Why some companies pivot and others fail

13th January 2021

Earlier this week, I asked you about the biggest business lesson you learned during the pandemic.

The answers came thick and fast - and the interesting thing was how varied they were!

Here’s a sample:

“Keep talking to your team, your clients and your suppliers” - Steve

“Control over working capital, with prudence around cash expenditure, is critical” - David

“I have learned that you should never rest on your laurels and get complacent as disaster can just be around the corner” – Les

“I kept overheads to an absolute minimum and built up a war chest that has/will see me through this” - Alan

“Be prepared to change fast – it’s the quick and the dead when a crisis hits, nothing in between” - Howard

It’s all great advice - and that last one was the key lesson for me, too.

The pandemic has really re-enforced the importance of being able to make fast decisions for your business.

I’ve seen a vast difference between the companies that were able to perform the “Pandemic Pivot” quickly and make radical adjustments when conditions changed…

…And those which took much longer to adjust - sometimes falling into disarray or sinking into self-pity and anger before making difficult decisions to change their business model.

The former have generally prospered.

The latter have generally done “okay” or struggled. (Or, as Howard put it, died…)

I’ve thought long and hard about why some companies manage to pivot successfully, whilst others just can’t.

It’s worth going back to the writings of Eric Ries, the author of The Lean Startup, who was the first to use the word “pivot” in the entrepreneurial sense.

He points out that pivoting is something which companies do the whole time - not just as a response to external crises! It’s essential to continue evolving your business in order to succeed.

For Ries, this is a deliberate process that companies go through, as they gradually test approaches, products and services, and zoom in on the ones that work best for their business.

None of this is random!

For Ries, pivoting isn’t about deciding on a new direction and going with your gut.

As he put it:

“Many unsuccessful startups simply jump outright from one vision to something completely different. These jumps are extremely risky, because they don’t leverage the validated learning about customers that came before.”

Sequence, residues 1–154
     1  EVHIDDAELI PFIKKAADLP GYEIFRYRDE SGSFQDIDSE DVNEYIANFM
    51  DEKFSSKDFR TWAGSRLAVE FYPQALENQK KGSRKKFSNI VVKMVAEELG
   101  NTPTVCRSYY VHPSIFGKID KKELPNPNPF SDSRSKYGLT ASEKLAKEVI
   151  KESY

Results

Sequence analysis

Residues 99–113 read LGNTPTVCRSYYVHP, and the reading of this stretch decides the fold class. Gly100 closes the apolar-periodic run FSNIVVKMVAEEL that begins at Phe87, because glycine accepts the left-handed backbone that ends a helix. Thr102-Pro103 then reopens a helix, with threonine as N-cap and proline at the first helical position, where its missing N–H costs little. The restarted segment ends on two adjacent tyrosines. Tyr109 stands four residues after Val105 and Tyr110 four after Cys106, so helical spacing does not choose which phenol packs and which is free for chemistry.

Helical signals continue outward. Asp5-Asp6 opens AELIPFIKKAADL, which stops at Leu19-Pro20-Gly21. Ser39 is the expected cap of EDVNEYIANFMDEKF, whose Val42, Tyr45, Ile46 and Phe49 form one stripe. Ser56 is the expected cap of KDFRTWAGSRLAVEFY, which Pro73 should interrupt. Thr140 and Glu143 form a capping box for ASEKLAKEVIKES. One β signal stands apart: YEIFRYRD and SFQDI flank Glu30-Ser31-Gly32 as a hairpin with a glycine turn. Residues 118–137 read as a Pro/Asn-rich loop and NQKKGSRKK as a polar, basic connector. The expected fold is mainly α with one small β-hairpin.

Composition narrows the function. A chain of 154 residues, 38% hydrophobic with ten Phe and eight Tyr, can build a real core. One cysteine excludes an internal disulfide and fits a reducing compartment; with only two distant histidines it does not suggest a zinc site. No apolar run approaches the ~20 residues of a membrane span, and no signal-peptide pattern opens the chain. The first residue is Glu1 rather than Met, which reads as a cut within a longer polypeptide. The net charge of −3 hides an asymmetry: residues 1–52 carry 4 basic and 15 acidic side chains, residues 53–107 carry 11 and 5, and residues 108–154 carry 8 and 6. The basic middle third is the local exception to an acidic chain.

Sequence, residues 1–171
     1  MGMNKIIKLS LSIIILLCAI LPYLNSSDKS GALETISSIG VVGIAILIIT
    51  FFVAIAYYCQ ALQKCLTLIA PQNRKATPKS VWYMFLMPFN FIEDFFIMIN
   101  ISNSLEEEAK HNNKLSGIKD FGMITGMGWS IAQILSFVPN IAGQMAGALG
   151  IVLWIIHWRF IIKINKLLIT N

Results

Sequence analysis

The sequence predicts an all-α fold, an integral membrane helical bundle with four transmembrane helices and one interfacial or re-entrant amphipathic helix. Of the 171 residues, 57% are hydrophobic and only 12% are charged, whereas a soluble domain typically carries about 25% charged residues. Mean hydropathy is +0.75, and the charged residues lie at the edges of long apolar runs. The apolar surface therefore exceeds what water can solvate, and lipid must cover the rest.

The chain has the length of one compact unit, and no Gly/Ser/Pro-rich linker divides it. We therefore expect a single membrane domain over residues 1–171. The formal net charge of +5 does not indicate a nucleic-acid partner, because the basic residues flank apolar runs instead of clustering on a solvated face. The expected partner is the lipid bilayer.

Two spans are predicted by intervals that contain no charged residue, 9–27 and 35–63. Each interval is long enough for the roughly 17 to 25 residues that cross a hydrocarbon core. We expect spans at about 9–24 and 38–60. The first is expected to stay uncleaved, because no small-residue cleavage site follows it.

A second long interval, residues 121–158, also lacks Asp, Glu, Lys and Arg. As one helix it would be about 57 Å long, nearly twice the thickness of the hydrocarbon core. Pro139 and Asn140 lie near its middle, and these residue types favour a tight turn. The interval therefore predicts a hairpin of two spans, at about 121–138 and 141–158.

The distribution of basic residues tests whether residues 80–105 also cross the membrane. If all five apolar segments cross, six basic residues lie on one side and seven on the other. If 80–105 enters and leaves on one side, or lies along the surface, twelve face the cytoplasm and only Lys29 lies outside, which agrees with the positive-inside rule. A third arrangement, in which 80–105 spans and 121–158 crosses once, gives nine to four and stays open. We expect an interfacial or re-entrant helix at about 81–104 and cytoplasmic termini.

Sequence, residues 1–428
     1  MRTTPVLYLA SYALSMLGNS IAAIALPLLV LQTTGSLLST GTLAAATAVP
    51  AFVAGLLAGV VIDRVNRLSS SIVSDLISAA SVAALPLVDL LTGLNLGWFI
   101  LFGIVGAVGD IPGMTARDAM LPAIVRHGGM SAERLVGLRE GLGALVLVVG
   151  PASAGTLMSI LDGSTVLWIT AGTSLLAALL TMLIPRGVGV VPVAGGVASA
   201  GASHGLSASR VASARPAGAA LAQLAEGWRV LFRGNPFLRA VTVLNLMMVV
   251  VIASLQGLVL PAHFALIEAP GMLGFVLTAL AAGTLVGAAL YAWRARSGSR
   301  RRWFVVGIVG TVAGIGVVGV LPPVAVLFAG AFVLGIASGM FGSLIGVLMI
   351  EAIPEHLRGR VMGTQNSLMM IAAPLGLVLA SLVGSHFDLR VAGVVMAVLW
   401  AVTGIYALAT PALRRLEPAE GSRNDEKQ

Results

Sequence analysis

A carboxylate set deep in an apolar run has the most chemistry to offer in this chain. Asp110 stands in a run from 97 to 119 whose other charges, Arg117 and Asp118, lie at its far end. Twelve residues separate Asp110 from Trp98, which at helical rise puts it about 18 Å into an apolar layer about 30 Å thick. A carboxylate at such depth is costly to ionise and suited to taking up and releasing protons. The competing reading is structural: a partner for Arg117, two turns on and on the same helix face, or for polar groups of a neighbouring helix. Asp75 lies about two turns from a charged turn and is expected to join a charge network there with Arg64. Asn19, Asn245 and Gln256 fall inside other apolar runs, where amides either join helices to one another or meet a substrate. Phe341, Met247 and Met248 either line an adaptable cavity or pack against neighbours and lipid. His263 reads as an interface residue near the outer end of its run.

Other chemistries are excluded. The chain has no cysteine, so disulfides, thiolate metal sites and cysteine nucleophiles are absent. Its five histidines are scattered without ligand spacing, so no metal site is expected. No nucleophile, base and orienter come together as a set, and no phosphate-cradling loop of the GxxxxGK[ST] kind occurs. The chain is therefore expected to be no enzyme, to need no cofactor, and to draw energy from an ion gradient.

And elsewhere:

“Successful startups change directions but stay grounded in what they've learned. They keep one foot in the past and place one foot in a new possible future.”

In other words, companies that pivot successfully don’t do it in a vacuum. (Not just startups by the way, but all companies.)

They rely on past learnings - real information - real data.

Having good financial information is a critical part - if not the critical part - of that.

It’s much easier to decide where to go next with your business, including in a crisis, if you have proper numbers in front of you. You need to understand your business’s existing strengths and weaknesses at a deep level before changing course.

It’s also easier to pivot when you have well-thought-out financial projections, instead of taking a wild guess at what your changes might mean for your company financially.


Because as company leader, good financial data gives you the confidence you need to change when necessary.

Good financial information unlocks all kinds of secrets about your business that you just can’t see otherwise…

…Information about which parts of your business are most profitable, when you might be facing financial trouble down the line, and what you can really afford to do.

Armed with this information you can make clearer, better decisions about how to evolve.

Without that data, it’s too easy to become consumed by fear and stick with what you know - even when you really should be changing.

Giving growing companies this quality of financial data is what we do all day, every day.

Because pivoting isn’t just for 2020 or for COVID.

Your business should be evolving continually - and all those decision you make about your future requires excellent financial information.

So if you’d like to grow faster, more smoothly and in a more strategic way, please get in touch today. Simply email me back or call us on 01279 647 447.

We can’t wait to help you.



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